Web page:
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Anguilla's Precolumbian History


Arawak Spirit Eyes at Big Spring in Island Harbour.
Arawak Spirit Eyes at Big Spring in Island Harbour.
The rich and dynamic Amerindian history of the island is beginning to be reconstructed as a result of recent work by the Anguilla Archaeological and Historical Society and archaeologists from numerous institutions such as the Carnegie Museum of Natural History, the University of Maine at Farmington, and the University of Pittsburgh. Read on and educate yourself about Anguilla's fascinating archaeological record and find out how you can get involved!


Big Spring Arawak stone carving
Big Spring Arawak stone carving

The First Anguillians

Long before Anguilla was "settled" by the British (1652), or even "discovered" by Christopher Columbus (1493), the island was inhabited by Amerindians. Based on archaeological research we now know that like many other Caribbean islands, Anguilla was first occupied by indigenous peoples as early as 1500 B.C. At least two of the sites identified thus far in Anguilla can be attributed to this era, referred to by archaeologists as the "Preceramic" or "Archaic" period.
An Arawak dig conducted in Sandy Ground produced amazing results.
An Arawak dig conducted in Sandy Ground produced amazing results.

The first Amerindians to set foot on the island likely were attracted to the area by the prime fishing provided by the extensive reefs nearby. They also collected shellfish along the shoreline such as whelks and hardbacks, and gathered other foods from the bush and saltponds. These pioneers lived in temporary camps, moving around frequently to exploit various food resources. They used tools manufactured from stone, such as axes and knives, and from shell, such as scrapers and gouges. They did not make clay pottery (hence the period is called "Preceramic") but instead made containers out of conch shells. as containers. The first Amerindians on the island also likely utilized gourds such as the calabash and manufactured baskets too. Unfortunately, these and other perishable materials have not stood the test of time and only artifacts made of durable materials such as stone and shell are preserved for study by archaeologists today.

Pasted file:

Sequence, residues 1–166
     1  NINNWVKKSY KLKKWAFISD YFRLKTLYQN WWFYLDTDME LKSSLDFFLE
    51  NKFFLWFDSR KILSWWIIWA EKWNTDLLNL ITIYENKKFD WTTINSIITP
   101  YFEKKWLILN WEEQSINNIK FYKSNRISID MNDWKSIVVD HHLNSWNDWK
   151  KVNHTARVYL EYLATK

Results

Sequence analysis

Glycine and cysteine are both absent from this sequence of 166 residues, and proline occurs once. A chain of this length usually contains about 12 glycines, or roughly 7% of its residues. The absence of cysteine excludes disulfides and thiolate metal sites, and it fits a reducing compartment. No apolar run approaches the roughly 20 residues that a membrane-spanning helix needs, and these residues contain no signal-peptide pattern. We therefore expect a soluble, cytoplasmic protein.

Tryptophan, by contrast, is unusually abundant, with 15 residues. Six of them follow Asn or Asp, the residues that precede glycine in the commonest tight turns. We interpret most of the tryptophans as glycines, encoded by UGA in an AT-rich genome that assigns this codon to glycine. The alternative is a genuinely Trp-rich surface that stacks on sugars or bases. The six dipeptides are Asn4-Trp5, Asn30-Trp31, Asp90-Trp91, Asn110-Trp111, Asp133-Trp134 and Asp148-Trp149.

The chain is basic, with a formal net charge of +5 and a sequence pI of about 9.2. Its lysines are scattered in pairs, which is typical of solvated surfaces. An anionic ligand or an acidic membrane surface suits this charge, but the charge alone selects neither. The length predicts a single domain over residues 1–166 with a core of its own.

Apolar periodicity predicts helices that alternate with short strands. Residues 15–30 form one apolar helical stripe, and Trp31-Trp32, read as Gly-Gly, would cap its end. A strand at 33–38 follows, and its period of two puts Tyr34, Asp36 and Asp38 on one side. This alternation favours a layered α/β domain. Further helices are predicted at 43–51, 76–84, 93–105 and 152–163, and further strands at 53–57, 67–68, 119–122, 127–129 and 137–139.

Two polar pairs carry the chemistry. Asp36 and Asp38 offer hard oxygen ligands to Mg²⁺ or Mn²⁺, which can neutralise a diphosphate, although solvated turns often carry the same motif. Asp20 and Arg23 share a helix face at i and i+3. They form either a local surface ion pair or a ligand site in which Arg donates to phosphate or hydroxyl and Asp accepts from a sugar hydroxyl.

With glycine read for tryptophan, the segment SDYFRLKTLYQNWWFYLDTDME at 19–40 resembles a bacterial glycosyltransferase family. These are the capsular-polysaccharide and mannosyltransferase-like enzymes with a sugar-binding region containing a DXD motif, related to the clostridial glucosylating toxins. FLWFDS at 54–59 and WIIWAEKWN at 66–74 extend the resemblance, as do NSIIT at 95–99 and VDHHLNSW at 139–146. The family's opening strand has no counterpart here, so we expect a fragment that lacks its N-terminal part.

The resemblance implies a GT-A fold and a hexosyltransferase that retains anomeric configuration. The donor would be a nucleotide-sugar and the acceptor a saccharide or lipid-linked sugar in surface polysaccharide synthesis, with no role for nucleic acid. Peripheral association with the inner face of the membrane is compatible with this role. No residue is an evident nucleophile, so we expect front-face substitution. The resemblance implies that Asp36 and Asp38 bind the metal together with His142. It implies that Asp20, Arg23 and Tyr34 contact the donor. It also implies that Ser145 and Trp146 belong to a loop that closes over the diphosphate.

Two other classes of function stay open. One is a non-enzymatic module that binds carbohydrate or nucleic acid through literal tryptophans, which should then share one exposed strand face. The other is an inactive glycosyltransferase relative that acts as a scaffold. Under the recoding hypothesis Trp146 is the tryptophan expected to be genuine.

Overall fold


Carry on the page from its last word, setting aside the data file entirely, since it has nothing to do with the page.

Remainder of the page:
A pottery bowl contained the remains of an Arawak infant at Sandy Ground.
A pottery bowl contained the remains of an Arawak infant at Sandy Ground.


The Golden Years

Following intermittent occupation by the earliest Caribbean colonists, Anguilla was settled by pottery making fisher-farmers around A.D. 600. The ancestors of these "Ceramic Age" peoples were originally from South America and had migrated out of the Orinoco River region of Venezuela and up the Lesser Antillean archipelago around 500 B.C. The first Ceramic Age settlements in the northern Lesser Antilles, during what archaeologists refer to as the "Saladoid" period, were on high, volcanic islands such as Montserrat and St. Martin, presumably because these islands had more water and better agricultural soils than did the lower, limestone islands. As populations grew and people became better adapted to the Caribbean environment (particularly the maritime environment), virtually every habitable island was colonized by around A.D. 600-900, including lower, dryer islands like Anguilla.
Details were recorded at the Arawak dig in Sandy Ground.
Details were recorded at the Arawak dig in Sandy Ground.